On 18 January 2012, the Irish Government announced its first Green Public Procurement Action Plan. And while there is already some criticism of the “Green Tenders” in cash-strapped Ireland, the action plan is a reminder that public procurement has an environmental side as well since it is a way to promote environmentally friendly enterprises and stimulate more sustainable production. And, according to the EU Environmental Commissioner, green public procurement (GPP) also plays an important role in EU efforts to become a more resource-efficient economy.
Generally, GPP refers to the selection of products, works and services with a reduced environmental impact throughout their lifecycle. GPP is usually applied due to environmental considerations such as the reduction of greenhouse gas emissions; however, in some cases GPP can also have an economic slant, since some green products and services are less costly in terms of maintenance and disposal.
In the case of Ireland, the purpose of the “Green Tenders” action plan is to assist the Irish public authorities to implement GPP. According to the website of the Irish Department of the Environment, Community and Local Government, public authorities in Ireland spend approximately €14 billion annually on goods, services and works. The idea of the Green Tenders is to use this purchasing power to stimulate the green economy in the country. Among the priority sectors for the Irish GPP action plan are construction, energy, food and catering services as well as ICT. In consequence, companies working in those sectors will have an added incentive for investment in green technologies, so that they qualify to participate in public tenders.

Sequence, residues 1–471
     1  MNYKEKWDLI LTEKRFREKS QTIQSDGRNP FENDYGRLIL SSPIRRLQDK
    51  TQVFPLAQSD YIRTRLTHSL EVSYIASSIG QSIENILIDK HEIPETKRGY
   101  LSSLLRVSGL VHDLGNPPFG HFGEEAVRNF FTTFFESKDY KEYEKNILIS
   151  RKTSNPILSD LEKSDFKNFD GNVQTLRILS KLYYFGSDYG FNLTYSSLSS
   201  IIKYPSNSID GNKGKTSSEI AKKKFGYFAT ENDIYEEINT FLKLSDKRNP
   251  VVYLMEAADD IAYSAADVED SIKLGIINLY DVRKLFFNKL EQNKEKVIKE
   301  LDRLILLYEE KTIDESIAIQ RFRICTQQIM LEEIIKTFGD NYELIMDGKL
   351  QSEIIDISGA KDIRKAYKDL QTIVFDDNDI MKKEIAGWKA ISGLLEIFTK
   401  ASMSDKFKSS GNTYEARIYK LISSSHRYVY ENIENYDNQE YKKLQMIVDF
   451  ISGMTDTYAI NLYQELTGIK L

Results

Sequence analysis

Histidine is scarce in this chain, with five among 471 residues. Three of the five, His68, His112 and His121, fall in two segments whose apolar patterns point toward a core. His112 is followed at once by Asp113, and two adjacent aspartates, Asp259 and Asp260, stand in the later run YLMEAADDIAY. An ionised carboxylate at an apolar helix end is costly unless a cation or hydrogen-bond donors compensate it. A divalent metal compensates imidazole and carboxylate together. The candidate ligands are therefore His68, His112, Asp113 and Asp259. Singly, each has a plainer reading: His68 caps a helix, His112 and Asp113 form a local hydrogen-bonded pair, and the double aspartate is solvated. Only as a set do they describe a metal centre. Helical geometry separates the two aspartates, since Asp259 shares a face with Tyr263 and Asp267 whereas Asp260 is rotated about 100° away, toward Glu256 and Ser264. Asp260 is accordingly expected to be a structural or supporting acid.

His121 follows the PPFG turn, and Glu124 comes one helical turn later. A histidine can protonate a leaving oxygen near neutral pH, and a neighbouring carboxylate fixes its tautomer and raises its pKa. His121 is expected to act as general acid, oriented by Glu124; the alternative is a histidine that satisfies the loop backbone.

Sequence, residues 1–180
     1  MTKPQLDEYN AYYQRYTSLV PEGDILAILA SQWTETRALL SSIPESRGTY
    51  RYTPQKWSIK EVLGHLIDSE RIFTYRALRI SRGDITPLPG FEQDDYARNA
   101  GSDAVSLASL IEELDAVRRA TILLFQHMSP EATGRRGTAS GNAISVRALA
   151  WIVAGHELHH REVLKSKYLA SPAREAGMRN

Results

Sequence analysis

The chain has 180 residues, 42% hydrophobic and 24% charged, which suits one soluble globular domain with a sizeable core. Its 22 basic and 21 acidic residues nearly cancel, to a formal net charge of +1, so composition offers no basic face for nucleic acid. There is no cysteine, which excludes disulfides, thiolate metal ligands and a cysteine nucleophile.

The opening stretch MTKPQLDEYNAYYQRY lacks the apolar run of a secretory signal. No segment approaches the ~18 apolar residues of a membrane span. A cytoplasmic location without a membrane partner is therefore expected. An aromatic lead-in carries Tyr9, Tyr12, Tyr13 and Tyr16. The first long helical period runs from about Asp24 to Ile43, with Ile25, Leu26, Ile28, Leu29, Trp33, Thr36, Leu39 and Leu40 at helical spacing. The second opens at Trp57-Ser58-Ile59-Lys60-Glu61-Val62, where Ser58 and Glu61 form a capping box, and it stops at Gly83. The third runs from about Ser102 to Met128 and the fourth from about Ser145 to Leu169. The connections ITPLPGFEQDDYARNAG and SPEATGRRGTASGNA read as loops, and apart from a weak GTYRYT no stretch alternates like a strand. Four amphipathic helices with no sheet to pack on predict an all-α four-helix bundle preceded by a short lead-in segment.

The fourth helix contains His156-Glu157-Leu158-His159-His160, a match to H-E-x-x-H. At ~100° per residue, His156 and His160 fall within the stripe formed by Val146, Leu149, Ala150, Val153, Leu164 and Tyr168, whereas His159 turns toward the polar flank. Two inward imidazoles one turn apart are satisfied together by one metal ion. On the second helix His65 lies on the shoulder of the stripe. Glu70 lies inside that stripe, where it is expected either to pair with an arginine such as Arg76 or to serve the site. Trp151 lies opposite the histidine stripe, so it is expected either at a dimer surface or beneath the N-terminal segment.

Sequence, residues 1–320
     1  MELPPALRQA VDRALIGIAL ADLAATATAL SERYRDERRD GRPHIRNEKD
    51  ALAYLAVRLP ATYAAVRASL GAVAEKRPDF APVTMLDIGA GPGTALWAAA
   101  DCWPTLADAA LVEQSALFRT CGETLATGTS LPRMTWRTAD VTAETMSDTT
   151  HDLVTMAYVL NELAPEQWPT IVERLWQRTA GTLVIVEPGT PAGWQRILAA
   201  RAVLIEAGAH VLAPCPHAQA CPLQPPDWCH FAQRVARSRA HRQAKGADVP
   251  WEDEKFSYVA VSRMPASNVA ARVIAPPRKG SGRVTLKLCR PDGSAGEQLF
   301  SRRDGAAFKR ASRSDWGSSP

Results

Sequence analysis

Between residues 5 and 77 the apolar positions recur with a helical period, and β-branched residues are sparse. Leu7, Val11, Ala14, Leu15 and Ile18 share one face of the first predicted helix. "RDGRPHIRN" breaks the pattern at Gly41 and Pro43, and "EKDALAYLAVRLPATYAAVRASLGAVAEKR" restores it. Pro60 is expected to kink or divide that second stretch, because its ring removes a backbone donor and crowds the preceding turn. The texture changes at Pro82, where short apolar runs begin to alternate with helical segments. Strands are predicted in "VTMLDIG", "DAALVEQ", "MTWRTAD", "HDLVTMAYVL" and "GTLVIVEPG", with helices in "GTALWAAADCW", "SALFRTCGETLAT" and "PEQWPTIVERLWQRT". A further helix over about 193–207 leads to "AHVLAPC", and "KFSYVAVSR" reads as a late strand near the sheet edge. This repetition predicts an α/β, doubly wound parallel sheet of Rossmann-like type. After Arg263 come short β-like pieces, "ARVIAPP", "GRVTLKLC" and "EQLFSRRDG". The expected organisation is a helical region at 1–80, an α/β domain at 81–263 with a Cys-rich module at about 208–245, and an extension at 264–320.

Despite the positive influence that the Irish GPP plan is expected to have as regards resource efficiency and the promotion of eco-friendly products and services, the Irish initiative has received a mixed reaction. As an example, according to Independent.ie, the Irish Bioenergy Association (IRBEA) complained that the plan did not outline the role of the public sector in meeting Ireland’s renewable energy targets. Nevertheless, the plan is likely to boost green investment enterprises in the country by promoting eco-innovation.
In addition, on a European level, GPP is considered to be an important voluntary instrument for ensuring sustainable consumption and production. Indeed, the European Commission is itself promoting GPP practices, with the current Procurement Directives offering a number of opportunities for the implementation of GPP.
Naturally, the benefits of GPP are more visible from the broader EU perspective. According to the European Commission’s handbook “Buying green! A Handbook on green public procurement”, public authorities in Europe spend some €2 trillion each year, which is equivalent to 19 percent of the EU’s GDP. With public expenditure of that magnitude, GPP compliance has the potential to make an impressive impact. Among the green contract examples provided in the Commission handbook are energy efficient computers, office furniture from sustainable timber and electricity from renewable energy sources. The Commission also views GPP as a driver for eco-innovation, especially in those sectors of the economy where public purchasers represent a large share of the market, such as construction and health services.
In order for GPP to be really effective, the criteria that apply to the selection of the relevant goods and service providers need to be developed very carefully. The EU has already set out GPP criteria for a number of different product and service groups, with those criteria now being reviewed and updated on a regular basis. The objective is for the EU Member States to be able to insert the criteria directly into tender documents. Besides the importance of GPP criteria with regards to tender procedures, they can also be used as workflow guidelines by green investment companies.
The United Nations has a somewhat different procurement approach to that applied across the EU. The UN has adopted Sustainable Public Procurement (SPP), which addresses the three pillars of sustainable development – economic, social and environmental – whereas the EU Member States seem to focus mostly on the environmental aspect of SPP. Nevertheless, there are some public authorities in the EU which try to implement GPP as a part of a broader sustainable procurement strategy.